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Electronic filings at Companies House

14 April 2020

Please note: the information contained in our legal updates are correct as of the original date of publication.

Due to the COV-19 outbreak and with more people working from home, Companies House is encouraging companies to use electronic filings where possible. A full list of documents you can currently submit online to Companies House can be found here.

To use their online WebFiling service, you will need a company authentication code. This is a 6 digit alphanumeric code issued by Companies House to each company. The code is used to authorise information filed online and is the equivalent of a company officer’s signature.

If your company was formed directly with Companies House, your code will have been mailed to your registered office a few weeks after incorporation. This code will not be displayed anywhere so if you have misplaced it you will need to request a new code from Companies House using the link here. 

It will then be sent by post to your company’s registered office and can take up to 5 days to arrive. Do not wait until you’re due to file to request your code and risk it being too late. Because of the high volumes of post, delivery could take longer than usual during these busy periods.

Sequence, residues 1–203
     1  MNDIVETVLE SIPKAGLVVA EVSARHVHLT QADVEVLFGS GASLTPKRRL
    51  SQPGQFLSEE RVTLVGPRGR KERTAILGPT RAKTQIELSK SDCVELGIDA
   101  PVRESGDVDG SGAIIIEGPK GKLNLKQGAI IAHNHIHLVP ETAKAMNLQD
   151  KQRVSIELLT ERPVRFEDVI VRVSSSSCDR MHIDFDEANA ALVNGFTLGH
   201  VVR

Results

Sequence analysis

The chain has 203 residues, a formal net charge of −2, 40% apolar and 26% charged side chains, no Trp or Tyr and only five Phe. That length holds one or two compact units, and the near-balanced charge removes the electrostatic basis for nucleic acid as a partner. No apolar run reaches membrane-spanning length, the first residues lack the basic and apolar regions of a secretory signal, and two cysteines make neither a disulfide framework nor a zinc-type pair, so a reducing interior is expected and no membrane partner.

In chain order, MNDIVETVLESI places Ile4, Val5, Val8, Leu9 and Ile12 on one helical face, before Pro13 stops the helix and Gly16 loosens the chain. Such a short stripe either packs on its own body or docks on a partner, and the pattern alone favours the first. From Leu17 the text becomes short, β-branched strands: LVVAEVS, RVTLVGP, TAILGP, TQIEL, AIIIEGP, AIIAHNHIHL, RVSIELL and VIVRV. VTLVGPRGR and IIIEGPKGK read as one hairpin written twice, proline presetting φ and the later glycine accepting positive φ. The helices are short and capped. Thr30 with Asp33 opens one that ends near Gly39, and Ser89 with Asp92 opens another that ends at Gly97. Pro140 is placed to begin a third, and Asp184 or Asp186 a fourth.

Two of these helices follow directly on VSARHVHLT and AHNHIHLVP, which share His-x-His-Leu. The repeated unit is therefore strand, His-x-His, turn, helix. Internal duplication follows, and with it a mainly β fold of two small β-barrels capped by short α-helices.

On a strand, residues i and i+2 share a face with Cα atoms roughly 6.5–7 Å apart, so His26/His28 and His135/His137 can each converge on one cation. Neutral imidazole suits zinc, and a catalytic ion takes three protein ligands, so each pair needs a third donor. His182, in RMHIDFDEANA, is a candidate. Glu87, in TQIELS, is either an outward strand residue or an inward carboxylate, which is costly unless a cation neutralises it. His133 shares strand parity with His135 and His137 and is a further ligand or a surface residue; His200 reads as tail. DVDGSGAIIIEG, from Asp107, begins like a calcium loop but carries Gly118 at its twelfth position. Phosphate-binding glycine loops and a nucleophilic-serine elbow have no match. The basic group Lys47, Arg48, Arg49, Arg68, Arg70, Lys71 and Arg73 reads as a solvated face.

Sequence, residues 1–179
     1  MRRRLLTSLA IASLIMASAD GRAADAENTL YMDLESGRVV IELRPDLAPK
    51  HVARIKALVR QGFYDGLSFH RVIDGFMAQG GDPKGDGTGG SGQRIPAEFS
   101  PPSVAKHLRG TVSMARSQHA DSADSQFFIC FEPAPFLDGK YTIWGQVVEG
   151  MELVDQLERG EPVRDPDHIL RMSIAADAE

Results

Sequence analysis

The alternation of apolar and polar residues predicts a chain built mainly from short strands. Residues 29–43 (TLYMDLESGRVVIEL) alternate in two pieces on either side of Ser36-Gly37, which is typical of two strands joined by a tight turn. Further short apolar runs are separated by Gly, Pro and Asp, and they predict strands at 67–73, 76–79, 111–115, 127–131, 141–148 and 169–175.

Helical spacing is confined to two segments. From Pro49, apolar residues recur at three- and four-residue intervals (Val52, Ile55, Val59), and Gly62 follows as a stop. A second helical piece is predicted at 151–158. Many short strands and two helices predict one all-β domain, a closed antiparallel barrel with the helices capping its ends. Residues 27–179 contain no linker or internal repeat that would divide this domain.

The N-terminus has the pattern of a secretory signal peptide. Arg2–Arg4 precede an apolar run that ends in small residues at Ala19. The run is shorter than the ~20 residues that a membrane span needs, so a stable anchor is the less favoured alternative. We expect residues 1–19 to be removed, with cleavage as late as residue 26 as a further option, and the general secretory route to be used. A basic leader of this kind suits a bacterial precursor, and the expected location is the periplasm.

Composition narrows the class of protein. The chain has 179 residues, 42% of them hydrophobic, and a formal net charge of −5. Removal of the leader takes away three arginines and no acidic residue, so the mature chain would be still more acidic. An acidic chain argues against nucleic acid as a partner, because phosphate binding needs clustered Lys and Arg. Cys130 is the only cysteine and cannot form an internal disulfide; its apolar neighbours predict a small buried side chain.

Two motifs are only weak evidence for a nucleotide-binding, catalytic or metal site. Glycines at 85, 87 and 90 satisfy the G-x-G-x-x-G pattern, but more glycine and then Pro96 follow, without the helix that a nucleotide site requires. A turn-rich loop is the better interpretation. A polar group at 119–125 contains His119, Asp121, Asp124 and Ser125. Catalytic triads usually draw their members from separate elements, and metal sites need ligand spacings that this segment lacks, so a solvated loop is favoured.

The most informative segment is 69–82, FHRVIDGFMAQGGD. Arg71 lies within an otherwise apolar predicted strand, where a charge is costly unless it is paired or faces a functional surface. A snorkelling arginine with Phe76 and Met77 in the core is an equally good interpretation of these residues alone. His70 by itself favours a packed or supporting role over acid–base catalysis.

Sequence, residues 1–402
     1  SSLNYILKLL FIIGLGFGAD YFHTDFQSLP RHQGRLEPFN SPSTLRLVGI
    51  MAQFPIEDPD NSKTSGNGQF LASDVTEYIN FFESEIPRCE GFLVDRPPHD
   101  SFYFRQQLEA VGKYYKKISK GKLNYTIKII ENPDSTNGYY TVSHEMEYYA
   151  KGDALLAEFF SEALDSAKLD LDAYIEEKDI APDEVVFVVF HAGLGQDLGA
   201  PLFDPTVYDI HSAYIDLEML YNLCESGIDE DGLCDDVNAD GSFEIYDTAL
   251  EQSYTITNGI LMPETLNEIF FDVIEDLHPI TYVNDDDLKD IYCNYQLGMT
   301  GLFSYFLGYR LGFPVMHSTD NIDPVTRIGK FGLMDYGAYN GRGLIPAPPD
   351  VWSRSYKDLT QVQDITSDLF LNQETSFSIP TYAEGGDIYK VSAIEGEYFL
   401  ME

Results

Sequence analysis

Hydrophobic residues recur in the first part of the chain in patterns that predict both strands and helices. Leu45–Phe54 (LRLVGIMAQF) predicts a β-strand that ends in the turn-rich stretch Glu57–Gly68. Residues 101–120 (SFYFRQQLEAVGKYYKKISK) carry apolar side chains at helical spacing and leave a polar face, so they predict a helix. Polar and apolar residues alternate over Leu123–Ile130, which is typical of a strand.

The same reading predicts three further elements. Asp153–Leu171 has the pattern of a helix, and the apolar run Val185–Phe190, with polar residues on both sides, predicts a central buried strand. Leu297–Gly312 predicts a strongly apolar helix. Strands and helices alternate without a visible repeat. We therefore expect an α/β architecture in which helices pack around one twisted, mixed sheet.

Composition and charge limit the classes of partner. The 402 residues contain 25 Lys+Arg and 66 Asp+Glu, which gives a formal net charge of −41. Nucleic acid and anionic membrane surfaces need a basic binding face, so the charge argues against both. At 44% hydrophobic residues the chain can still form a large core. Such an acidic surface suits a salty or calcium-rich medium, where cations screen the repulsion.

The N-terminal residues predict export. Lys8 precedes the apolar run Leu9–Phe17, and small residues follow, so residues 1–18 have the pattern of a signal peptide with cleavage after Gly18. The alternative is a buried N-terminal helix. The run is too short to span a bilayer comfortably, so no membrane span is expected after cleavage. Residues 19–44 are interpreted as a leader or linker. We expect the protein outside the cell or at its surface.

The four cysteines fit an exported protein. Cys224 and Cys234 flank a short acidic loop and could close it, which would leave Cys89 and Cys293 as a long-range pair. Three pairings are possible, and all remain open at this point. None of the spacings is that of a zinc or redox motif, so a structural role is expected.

If you do not have a Companies House password and authentication code, you can register online for the WebFiling service using the link here, or use software filing packages to send information through the online XML gateway.

Please note that Companies House are still accepting documents by post, but it is currently taking them approximately 24-48 hours to process online filings and 2 weeks for paper filings. Please factor in this delay when you are considering your method of submission, and also consider that it may be cheaper to file certain documents online.

Full guidance on online filing can be found here

Co-authored by Jaspreet Sangra and Rachael McDonald.

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The content on this page is provided for the purposes of general interest and information. It contains only brief summaries of aspects of the subject matter and does not provide comprehensive statements of the law. It does not constitute legal advice and does not provide a substitute for it.

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